Challenges in Learning English

Story by

Moussa Ehsan

From

Iran

Major/Field

Computer Science

Level

Graduate

After finishing my BSc. and MSc. in two prestigious universities in Iran, I decided to continue my education in the US. Since during my masters I had published several academic papers in international conferences and attended a few of them as well, I was fairly confident about my English fluency. However, when I entered the US, I realized that was not the case. I would like to give three examples of the challenges I had when I first entered the US:

1- “Think in English”

When I entered the US, I faced a sever problem: although I was feeling that I am speaking fluently, my audience were not understanding me! The reason was although syntactically I was speaking in English, semantically I was thinking in Farsi. For example, in order to say “I will pick you up” I was saying “I will come after you”. I was not realizing that these two sentences have two different meanings. In short term, I was able to overcome this problem by explaining more. The problem was not as serious when I was talking to non-native speakers; however, native speakers were really getting confused.

The problem was arising even more when I was participating in the class discussions. When the professor was asking a question in the class, I had to spent a few seconds to think about the problem to find the answer but a few minutes to think in Farsi, translate it to English, and then make the sentence! These few minutes were also enough for me to decide not to ask my question from the professor. Therefore, in the first half of my first semester, I was incapable to participate in the class discussions; especially that I had some idea about the discussion.

The same thing had also shown up in my writing assignments. My advisor had to edit my articles, papers or reports significantly. Literally, he re-wrote my first paper completely. I used to hear this sentence a lot from my advisor: “This is not English!”

I have been constantly trying to practice how to think in English. I am seeing significant improvements since then although there is long way to go!

2- Limited Vocabulary

When I write I usually end up repeating a limited set of words and their variations in my essays. This is mainly because the domain of my vocabulary knowledge is limited. The problem was hiding itself more in speaking because the domain of words that I needed to communicate with people seems to be less than what I needed to write.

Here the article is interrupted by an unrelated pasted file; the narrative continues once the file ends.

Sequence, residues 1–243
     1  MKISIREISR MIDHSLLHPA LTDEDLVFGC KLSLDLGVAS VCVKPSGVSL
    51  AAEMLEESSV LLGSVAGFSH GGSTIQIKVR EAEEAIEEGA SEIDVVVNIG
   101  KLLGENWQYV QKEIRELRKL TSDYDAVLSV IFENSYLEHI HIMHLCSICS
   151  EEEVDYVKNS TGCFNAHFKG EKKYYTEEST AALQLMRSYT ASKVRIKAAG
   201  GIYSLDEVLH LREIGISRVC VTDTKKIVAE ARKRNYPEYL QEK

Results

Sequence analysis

But how should I widen it? That was a challenging question! I first decided to memorize words. I started with a small (~2000 words) dictionary and had a plan to upgrade to bigger one soon afterwards. But at some moment I realized that it was waste of time, due to two reasons: 1- memorizing the words could help if I did not know the meaning of the words at all. But for most of the words either I knew the meaning, or I could guess it by finding the origin of the word. 2- As I was rarely using the newly-learned words, I forgot most of them after a week or so!

Therefore, I decided to change my tactics. Firstly, I only referred to a dictionary if I could not figure out the meaning of word at all or a specific usage of the word was important for me. Secondly, I only used English-English dictionaries and never translated the word to Farsi anymore. This helped me feel the word in English not Farsi — not to mention it also assisted me to overcome the aforementioned thinking problem! Thirdly, I would also read a few examples of how the word had been used. Therefore, I could memorize usage patterns instead of the words themselves. Fourthly, I started reading English novels. By reading more and more novels, I was observing some new uses of the words that I knew. Fifthly, I tried to practice the words by using them in my writing assignments, normal conversations, etc., as soon as I could. If I had felt that a word is very common, I used it in every other sentence if not every sentence! This was a good practice for me to widen my vocabulary domain.

3- Idioms and proverbs

Quickly, I realized that in some cases, although I understand all the words in a sentence, I do not get the exact meaning the whole sentence or topic. The first reason was that I did not know all usages of those words. But there was also a second reason, people in Long Island tend to use idioms and proverbs a lot which makes it hard for non-native speakers to understand exactly what they mean.

For instance, I remember that one of my instructors told me “It’s a piece of a cake. Go and finish it quickly!”. While I was leaving his office, The first thing that came to my mind was how a cake is related to my project?!

Definitely reading novels and watching movies were two useful ways to overcome this problem. The narrations between different characters in novels and movies usually contain some slang. Also, over time, I learned not to hesitate asking the meaning of a sentence if I do not understand it. At least I ask them to repeat what they said. This helps me distinguish between an idiom and a normal sentence and if learn a new idiom if needed!

Bookmark the permalink.

One Comment

  1. As I read through your experiences, I could not help repeating to myself how this story was very similar to my first few years in the US.

Leave a Reply

Your email address will not be published. Required fields are marked *

You may use these HTML tags and attributes: <a href="" title=""> <abbr title=""> <acronym title=""> <b> <blockquote cite=""> <cite> <code> <del datetime=""> <em> <i> <q cite=""> <strike> <strong>